Son Honors Father with Touching, Fiery Sendoff
By Tim Triplett
on Aug 16, 2014
There was no ceremony, no pomp and circumstance, just a quiet moment between father and son by the roaring Nucor furnace. A tribute to a life well-lived, forged forever in steel.
Charles M. White, Jr., known to all as Mack, died May 21 at age 88. A native of steel country and Bethlehem, Pa., Mack graduated from Lehigh University and served a stint in the Navy during WWII before embarking on a long and successful career selling steel. He eventually retired as vice president of sales at Auburn Steel Co. in Auburn, N.Y. Nucor Steel purchased the Austeel mill in April 2001.
His son, Mack White III, followed in his father's footsteps and now works as the operations manager at Murphy and Nolan Inc.'s Syracuse, N.Y., branch. Murphy and Nolan is a small service center that distributes specialty bar and tube products.
'My dad retired early from Austeel in 1992 to take care of my ailing mother, but he never lost his love for steel. One of his requests years ago, maybe half jokingly, was to have his ashes thrown in the furnace at the mill," he recalls.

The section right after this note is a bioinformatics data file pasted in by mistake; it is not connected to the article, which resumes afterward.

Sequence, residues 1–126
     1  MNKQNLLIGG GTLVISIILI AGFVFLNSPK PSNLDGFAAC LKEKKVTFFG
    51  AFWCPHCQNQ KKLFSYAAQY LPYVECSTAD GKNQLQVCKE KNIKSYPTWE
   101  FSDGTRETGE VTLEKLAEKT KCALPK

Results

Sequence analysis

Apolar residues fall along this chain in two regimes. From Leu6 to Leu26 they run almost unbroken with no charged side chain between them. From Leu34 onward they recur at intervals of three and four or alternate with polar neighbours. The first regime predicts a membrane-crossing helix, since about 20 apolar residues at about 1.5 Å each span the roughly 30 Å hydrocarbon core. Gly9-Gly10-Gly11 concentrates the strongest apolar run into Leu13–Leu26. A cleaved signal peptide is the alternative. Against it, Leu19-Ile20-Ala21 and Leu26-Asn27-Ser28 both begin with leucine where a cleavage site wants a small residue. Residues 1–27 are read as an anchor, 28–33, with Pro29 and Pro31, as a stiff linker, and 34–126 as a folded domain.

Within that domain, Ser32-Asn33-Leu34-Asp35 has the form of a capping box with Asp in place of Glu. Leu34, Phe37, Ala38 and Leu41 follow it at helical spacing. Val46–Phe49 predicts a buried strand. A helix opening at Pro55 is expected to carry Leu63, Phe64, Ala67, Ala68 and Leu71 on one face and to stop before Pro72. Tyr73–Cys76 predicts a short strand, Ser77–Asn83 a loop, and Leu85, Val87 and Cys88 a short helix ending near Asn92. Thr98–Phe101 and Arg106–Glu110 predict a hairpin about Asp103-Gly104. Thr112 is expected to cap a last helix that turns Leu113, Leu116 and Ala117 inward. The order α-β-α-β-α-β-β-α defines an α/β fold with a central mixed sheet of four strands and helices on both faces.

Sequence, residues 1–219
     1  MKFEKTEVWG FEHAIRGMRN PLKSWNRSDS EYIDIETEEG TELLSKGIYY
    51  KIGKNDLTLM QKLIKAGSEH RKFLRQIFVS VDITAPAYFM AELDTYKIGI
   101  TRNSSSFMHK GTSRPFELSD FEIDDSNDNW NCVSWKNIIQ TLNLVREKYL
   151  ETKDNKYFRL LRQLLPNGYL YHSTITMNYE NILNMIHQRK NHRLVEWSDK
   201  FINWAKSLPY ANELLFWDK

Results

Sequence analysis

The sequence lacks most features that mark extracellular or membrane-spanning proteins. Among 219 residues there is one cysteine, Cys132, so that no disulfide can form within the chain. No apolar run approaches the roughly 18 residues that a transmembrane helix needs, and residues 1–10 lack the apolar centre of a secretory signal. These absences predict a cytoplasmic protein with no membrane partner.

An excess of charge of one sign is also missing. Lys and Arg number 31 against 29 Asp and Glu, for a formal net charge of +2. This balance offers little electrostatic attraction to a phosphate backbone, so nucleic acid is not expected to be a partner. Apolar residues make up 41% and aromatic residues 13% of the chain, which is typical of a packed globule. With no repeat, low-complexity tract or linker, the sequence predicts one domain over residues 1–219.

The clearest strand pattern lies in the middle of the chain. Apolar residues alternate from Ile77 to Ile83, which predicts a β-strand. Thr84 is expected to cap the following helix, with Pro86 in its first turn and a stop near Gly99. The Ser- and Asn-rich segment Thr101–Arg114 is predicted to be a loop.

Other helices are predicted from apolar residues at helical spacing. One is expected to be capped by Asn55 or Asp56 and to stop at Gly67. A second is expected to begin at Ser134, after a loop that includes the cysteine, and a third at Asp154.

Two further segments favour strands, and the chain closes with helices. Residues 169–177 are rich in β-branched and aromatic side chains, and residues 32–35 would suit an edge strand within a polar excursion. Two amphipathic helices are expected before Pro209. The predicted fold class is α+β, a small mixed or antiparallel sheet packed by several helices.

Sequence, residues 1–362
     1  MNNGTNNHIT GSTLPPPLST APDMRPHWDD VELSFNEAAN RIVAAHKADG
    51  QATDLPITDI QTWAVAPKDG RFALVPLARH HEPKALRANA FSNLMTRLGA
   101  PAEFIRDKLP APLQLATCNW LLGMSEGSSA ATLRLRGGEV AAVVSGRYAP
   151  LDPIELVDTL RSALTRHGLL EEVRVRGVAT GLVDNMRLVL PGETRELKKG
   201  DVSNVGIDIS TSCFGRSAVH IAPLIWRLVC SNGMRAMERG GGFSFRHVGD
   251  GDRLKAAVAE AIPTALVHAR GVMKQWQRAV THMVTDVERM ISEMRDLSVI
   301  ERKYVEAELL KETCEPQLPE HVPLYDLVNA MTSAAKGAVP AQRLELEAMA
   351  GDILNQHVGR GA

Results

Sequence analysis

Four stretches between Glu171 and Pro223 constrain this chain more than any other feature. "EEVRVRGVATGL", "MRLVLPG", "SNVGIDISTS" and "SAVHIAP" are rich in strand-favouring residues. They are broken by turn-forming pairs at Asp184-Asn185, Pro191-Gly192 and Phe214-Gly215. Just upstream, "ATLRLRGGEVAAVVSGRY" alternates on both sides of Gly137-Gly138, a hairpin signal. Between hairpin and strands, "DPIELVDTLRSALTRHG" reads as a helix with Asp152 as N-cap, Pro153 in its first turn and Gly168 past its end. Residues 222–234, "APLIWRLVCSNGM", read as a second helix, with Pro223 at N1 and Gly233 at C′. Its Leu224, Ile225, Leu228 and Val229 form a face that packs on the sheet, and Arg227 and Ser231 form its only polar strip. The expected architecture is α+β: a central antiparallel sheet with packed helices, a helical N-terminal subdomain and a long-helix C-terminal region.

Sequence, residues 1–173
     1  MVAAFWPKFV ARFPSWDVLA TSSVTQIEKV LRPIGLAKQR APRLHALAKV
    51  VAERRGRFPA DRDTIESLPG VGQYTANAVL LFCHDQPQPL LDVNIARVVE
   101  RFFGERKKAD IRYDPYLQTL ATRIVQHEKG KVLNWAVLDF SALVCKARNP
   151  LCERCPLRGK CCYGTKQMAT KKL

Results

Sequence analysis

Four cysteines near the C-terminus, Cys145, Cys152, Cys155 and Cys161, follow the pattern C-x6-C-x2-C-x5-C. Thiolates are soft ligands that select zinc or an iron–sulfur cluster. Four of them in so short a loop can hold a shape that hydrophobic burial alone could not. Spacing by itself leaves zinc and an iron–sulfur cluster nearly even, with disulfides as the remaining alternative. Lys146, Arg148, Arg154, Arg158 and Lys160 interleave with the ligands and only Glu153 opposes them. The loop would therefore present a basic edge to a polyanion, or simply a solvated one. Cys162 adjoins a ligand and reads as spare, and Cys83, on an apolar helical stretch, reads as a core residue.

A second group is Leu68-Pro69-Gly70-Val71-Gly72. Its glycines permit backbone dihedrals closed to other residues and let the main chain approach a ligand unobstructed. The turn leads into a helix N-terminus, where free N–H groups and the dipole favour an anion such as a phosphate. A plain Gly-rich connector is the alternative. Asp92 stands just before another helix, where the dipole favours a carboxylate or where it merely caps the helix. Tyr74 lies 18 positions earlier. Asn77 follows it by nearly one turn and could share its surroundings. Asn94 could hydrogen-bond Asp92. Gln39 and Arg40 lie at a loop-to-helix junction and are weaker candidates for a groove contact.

Having worked at the mill himself during college, Mack reached out to some familiar contacts. To his surprise, the powers that be at Nucor graciously honored the unusual request. "In fact, they were very happy to do it and even rearranged the rolling schedule so he could end up in a heat of #6 rebar. That is all Austeel rolled when dad started there. I like to think my father really helped that company grow when it was Auburn Steel."
On June 16, decked out in all the necessary safety gear—steel-toed boots, fire suit and helmet—the younger Mack placed the container with his father's ashes on the cart with the other alloys and watched it disappear into the fiery ladle. A moment he will never forget, he says, fingering the piece of rebar that now sits proudly on his desk.
Mack especially wants to express his gratitude to the folks at Nucor for their kind cooperation during his family's period of sadness and loss. "They truly went above and beyond the call of duty to do that for us. Some of the guys who worked with my father are still at the mill and they thought the whole thing was great."
The special heat rolled that day was headed for repairs to New York's Tappan Zee Bridge. If the ride somehow feels a little firmer next time you venture over the Hudson, remember your brother in steel Mack White.